The Tax Cuts and Jobs Act of 2017 includes a two-year pilot program that provides employers with a tax credit of up to 25% of wages paid to a qualifying employee who takes family and medical leave for up to 12 weeks. Employers must provide at least two weeks of annual paid family and medical leave for each qualifying full-time employee at a minimum of 50% of their regular earnings. Employees must have worked for at least one year with an annual income of less than $72,000, which allows the tax provision to target low- and middle-income workers. The legislation extends to part-time workers and those employed by small businesses.
Some states have passed paid family leave laws
In the absence of a permanent federal paid leave program, several states have developed their own policies. California became the first state to provide paid family and medical leave in 2004. Since then, several states have followed suit, including Washington, Oregon, Hawaii, New York, Vermont, Rhode Island, Connecticut, New Jersey, Massachusetts, and the District of Columbia. Other states such as Utah, Indiana, and New Hampshire have recently proposed paid family leave legislation. (This map summarizes the details of state policies).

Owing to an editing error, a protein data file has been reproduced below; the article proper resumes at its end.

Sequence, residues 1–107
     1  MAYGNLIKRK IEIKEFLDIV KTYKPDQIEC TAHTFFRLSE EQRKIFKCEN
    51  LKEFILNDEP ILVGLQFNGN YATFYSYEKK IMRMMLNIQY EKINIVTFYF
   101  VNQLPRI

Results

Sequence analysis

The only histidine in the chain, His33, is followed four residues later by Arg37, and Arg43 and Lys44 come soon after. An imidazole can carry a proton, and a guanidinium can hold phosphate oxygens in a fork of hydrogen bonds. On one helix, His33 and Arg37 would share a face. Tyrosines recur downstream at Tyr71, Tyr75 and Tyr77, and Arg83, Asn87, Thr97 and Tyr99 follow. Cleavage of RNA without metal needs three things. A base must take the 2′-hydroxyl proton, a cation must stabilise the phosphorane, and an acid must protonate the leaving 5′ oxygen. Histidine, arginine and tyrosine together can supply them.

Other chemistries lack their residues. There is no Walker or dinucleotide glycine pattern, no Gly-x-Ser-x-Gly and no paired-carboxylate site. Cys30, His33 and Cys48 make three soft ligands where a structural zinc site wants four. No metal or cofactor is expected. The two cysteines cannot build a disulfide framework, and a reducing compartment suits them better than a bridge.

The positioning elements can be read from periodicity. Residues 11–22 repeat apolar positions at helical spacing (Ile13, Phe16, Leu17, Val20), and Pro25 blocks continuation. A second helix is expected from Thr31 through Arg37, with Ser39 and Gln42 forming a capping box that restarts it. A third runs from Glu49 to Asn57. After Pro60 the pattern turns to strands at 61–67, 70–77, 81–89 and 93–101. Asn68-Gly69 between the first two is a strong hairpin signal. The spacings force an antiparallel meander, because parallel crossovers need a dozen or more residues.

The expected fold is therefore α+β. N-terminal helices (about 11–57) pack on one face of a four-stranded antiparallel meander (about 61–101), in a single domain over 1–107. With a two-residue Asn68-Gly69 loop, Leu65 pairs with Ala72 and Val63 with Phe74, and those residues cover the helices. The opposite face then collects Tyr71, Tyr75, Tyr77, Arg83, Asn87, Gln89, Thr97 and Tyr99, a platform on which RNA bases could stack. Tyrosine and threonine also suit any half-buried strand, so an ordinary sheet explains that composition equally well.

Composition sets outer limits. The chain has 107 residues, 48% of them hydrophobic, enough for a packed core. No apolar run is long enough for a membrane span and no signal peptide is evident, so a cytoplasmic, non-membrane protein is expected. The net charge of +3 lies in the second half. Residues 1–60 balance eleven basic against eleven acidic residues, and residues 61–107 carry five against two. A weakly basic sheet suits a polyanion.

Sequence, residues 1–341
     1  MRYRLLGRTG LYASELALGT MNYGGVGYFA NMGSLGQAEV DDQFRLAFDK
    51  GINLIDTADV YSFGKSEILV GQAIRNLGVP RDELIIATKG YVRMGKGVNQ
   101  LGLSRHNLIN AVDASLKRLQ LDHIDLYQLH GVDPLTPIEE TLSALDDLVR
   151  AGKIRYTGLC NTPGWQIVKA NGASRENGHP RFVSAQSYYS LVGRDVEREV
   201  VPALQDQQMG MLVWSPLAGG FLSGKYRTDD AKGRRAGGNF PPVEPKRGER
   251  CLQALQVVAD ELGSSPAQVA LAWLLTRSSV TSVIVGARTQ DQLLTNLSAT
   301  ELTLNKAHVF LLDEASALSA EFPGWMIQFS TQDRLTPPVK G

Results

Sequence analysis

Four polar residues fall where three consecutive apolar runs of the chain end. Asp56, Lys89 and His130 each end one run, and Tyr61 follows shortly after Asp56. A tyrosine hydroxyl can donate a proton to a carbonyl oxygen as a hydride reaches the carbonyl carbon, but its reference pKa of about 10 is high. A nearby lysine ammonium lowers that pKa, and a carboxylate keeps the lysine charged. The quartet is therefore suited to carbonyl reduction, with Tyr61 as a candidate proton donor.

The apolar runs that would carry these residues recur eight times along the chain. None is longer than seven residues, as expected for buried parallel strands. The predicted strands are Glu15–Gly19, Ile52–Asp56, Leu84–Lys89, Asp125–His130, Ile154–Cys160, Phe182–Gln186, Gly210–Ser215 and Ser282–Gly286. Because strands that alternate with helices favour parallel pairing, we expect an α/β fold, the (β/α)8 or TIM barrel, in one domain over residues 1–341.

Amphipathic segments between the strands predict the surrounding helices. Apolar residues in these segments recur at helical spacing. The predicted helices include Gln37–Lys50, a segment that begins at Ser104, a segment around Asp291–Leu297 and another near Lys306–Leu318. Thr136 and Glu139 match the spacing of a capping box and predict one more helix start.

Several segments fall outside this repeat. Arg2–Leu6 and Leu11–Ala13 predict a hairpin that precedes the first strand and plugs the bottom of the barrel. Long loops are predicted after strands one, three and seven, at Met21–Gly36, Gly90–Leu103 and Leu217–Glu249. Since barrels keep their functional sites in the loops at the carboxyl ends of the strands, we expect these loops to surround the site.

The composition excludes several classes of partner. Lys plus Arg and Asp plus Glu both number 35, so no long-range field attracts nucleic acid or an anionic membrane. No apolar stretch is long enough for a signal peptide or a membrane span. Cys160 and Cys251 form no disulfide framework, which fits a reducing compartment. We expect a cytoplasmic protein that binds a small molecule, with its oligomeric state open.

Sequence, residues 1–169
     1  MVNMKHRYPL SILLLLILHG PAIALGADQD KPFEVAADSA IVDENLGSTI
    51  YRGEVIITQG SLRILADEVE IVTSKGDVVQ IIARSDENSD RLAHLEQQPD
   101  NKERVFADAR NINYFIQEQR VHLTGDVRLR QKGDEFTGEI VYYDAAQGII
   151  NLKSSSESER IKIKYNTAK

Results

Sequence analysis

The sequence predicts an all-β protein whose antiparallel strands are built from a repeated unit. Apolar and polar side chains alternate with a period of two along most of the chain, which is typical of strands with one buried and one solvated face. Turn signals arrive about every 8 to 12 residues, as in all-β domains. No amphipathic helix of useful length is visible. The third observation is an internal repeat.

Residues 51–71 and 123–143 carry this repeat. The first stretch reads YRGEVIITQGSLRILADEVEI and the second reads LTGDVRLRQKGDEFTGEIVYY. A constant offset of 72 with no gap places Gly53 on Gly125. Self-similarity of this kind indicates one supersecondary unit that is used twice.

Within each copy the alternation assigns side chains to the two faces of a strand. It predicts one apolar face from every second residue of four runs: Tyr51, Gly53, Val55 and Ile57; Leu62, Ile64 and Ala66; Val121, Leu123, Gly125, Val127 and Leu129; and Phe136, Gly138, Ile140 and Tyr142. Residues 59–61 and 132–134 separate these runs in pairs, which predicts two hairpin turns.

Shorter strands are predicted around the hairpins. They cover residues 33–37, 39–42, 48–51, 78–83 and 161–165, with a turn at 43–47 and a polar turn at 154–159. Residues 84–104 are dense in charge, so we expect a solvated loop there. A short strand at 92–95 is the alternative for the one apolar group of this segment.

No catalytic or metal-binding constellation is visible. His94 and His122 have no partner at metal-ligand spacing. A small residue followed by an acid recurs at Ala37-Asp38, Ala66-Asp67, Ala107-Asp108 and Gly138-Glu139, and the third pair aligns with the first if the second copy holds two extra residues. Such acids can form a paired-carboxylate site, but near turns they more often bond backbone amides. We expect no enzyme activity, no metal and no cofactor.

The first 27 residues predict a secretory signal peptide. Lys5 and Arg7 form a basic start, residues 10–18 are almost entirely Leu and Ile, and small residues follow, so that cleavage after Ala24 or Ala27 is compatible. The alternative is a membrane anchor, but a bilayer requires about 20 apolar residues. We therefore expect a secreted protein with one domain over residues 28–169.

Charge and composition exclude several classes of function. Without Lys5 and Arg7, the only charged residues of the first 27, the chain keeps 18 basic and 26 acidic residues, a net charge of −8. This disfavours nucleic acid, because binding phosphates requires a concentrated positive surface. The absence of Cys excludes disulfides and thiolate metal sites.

What are the issues in adopting a federal paid family leave program?
One issue is the coverage of the leave. A federal paid leave policy could guarantee time off only for new parents, or it could cover family care and medical leave too. Currently, there is more support for parental leave than for family care or medical leave.
A second issue is duration of the leave, which may also be capped or limited to a fixed period such as 12 weeks.